ADOPT A STANDARD INVOICE NUMBERING CONVENTION
A major cause of duplicate payments is multiple copies of the same supplier invoice being entered in the computer system, but with slight variations on the invoice number that keep the computer from flagging them as duplicate invoices. This is an especially common problem when suppliers issue invoices with leading zeros, since one data entry clerk may enter the zeros, while another may ignore them. It is also common for employee expense reports and a variety of utility billings, since these documents have no invoice number. It also happens when an original invoice is not paid on time, so the supplier floods the company with extra copies of the invoice, hoping that one of the copies will eventually be paid. There is no perfect solution to this problem, but the basic approach is to adopt a standard invoice numbering convention for the data entry staff to follow, thereby introducing some consistency into this aspect of invoice data entry. It can include some of the following rules:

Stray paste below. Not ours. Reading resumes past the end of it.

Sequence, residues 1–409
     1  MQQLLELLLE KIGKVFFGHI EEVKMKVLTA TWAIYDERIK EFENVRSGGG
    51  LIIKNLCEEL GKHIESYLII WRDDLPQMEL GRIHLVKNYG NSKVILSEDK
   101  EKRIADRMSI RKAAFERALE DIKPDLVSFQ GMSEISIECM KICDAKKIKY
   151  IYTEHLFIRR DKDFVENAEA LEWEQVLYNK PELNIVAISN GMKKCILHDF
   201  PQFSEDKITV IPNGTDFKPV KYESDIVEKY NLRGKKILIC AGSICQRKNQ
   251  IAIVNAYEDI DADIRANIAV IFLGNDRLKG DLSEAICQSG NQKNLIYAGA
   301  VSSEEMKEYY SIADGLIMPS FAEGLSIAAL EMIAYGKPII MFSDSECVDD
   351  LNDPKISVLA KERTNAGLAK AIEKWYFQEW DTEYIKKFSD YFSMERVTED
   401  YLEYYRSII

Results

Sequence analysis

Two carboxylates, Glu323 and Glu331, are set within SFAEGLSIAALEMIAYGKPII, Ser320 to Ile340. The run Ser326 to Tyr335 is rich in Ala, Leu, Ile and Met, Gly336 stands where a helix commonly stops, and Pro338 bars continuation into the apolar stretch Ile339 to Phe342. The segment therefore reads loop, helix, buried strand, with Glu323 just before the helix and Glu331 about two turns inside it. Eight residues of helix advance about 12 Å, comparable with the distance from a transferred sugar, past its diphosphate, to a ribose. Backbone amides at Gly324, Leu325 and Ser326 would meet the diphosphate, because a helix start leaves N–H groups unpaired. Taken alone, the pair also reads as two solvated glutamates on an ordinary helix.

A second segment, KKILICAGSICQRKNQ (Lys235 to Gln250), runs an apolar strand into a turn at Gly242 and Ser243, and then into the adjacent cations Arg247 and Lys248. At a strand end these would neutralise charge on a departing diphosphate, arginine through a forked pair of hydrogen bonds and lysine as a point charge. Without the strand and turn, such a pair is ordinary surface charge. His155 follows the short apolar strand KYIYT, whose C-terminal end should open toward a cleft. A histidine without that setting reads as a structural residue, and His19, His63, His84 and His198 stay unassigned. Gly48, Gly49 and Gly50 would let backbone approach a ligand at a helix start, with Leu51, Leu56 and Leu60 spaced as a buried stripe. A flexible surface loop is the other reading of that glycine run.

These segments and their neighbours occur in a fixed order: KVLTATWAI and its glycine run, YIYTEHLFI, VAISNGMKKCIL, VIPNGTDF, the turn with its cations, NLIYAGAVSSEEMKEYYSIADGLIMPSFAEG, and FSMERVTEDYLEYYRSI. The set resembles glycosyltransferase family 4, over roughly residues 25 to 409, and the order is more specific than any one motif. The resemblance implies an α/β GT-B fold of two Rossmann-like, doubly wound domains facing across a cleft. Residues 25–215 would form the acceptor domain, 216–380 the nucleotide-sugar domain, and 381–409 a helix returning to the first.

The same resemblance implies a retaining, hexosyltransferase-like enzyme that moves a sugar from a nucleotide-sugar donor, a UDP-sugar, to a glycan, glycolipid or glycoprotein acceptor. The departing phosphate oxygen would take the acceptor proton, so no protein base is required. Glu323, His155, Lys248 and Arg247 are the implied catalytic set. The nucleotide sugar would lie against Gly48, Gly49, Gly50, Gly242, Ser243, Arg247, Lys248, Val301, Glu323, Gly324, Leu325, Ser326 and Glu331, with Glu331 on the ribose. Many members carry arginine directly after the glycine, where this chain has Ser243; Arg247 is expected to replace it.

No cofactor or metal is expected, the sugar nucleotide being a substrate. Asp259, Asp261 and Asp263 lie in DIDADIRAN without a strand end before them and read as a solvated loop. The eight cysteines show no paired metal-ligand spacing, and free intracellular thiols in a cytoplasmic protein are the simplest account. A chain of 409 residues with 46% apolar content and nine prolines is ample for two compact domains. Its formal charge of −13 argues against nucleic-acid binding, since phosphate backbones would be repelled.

Drop leading zeros. It is also possible to reverse this rule and always use leading zeros, but the extra characters may overflow the computer field for invoice numbers. •
Use the packing slip number. If the invoice contains no invoice number and it is related to a physical delivery, then there should be a packing slip that accompanied the delivery. If so, enter the packing slip number as the invoice number. If a duplicate invoice arrives, it must still be matched to the packing slip before payment is approved, so the packing slip number will be fl aged by the computer as a duplicate invoice number. •
Use an alternate document identifier. If an invoice contains no invoice number but does have other tracking numbers, such as an internal indexing number or a job number, then use this number instead. •
Use invoice date. A less foolproof alternative is to use the invoice date. This approach can still result in duplicate payments, because...
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